I worship Stephen King.
That may sound like a pretty extraordinary statement, but anyone who knows me very well knows that it’s true. I’m just a shade or two under one of those scary, stalker-type fans (and that’s just because he lives too far away.) I think he is a genius, one of the most gifted writers the world has seen, and I have read nearly everything he has ever written, most more than once. In Janiceland, Stephen King is a god.
Why? Because the man can tell a damn good story.
That’s it. Really. It’s not because he has a firm grasp on the human condition in the post-modern era. Maybe he does–I wouldn’t know. That’s a book snob evaluation, and I have no patience for book snobs. Now, don’t get me wrong: I don’t care particularly what anyone reads, as long as they are reading something. I think more people should read as a hobby. It improves your vocabulary, your thinking, and hell, maybe even the human condition in the post-modern era (whatever that means–maybe someone can tell me one of these days.) Anyway, before I started off track there, I was saying book snobs annoy me. I’ll tell you why (of course.)
Book snobs have to have some “deeper meaning” in everything they read. The book has to be about something, in the sense that it has to represent something in our culture, like political corruption, or man’s greed, or some other similarly “important” topics. Book snobs pick a book apart looking for these things, and criticize the author if they are too difficult to find. Here’s my question: what can’t it just be a good story?
I’m not much of a fan of movies that are made from books, even Stephen King books, but I did like “The Green Mile.” I freakin’ loved the book, and I thought the movie did a pretty good job at getting the major point of the story (or at least what I perceived as the major point.) It doesn’t hurt that I’m also a huge Tom Hanks fan. At the end of the movie, the main character is walking through a cemetery, and on the headstones in the background is the word “Story,” over and over. Now, believe it or not, I actually caught this the first time I watched the movie, and then later on when I watched the “making-of” stuff that was extra with the DVD, the movie-magic guys said a lot of things similar to what I said before–it’s never just about a good story anymore. His point was that the art of story telling is dead.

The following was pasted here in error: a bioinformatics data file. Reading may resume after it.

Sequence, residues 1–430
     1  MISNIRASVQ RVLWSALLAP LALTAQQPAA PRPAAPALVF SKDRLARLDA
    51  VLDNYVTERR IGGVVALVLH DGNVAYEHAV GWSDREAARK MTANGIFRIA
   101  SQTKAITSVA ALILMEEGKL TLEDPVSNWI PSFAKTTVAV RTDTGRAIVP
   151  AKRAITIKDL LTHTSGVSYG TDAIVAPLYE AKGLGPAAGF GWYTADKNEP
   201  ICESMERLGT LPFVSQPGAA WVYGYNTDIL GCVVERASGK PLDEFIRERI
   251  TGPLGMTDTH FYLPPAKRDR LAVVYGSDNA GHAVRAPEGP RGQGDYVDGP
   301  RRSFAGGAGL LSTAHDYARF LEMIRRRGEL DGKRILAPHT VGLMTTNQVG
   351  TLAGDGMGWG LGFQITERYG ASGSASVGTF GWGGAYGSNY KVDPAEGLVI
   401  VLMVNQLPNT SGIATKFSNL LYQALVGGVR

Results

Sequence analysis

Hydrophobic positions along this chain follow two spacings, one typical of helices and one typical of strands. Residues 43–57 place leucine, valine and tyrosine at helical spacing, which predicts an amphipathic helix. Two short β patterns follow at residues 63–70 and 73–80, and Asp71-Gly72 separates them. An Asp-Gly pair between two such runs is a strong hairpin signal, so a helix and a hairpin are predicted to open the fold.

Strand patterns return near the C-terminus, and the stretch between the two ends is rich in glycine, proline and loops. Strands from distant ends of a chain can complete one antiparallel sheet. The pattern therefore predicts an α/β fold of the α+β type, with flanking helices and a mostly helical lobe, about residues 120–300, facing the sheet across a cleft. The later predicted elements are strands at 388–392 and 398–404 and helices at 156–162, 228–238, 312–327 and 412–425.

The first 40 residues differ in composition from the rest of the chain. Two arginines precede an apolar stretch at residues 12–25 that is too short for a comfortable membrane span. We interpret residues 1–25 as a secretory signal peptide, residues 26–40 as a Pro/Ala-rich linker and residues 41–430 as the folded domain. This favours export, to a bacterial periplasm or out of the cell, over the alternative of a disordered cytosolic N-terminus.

I’d like to pick up a book and see the following review: “Well-written, great characters, great story, will scare the shit out of you!” I’d buy ten copies.
I don’t think that will ever happen, because we seem to be getting worse instead of better. Books are either total sap or total crap, and movies are almost as bad. My goal for the summer while school is out is to read fifteen or twenty good books that I’ve never read before, and I hope I can find some gems in there. I’ve swiped a couple of ideas from Selena over at “Because Motherhood Sucks,” and we’ll see how that goes. Stephen King is semi-retired, so I’m pretty sure I won’t be able to get that many new books out of him. Voldemort is dead, and Bella and Edward are in their happily ever after. Yes, I read both the Harry Potter and the Twilight series. This isn’t a literature class, and I have enough reality as it is. Leave me alone.
So, here I am, mourning Story, and hoping that I can scrape up some really good books over the summer. I’ve read a lot, so it’s a challenge. Plus, I’m picky. Maybe I’m the book snob, and everyone else is normal, I don’t know. I’d love to consider that point some more, but I can’t. I’ve just had a look at the human condition here in this house, and I have to tell you, it’s a mess.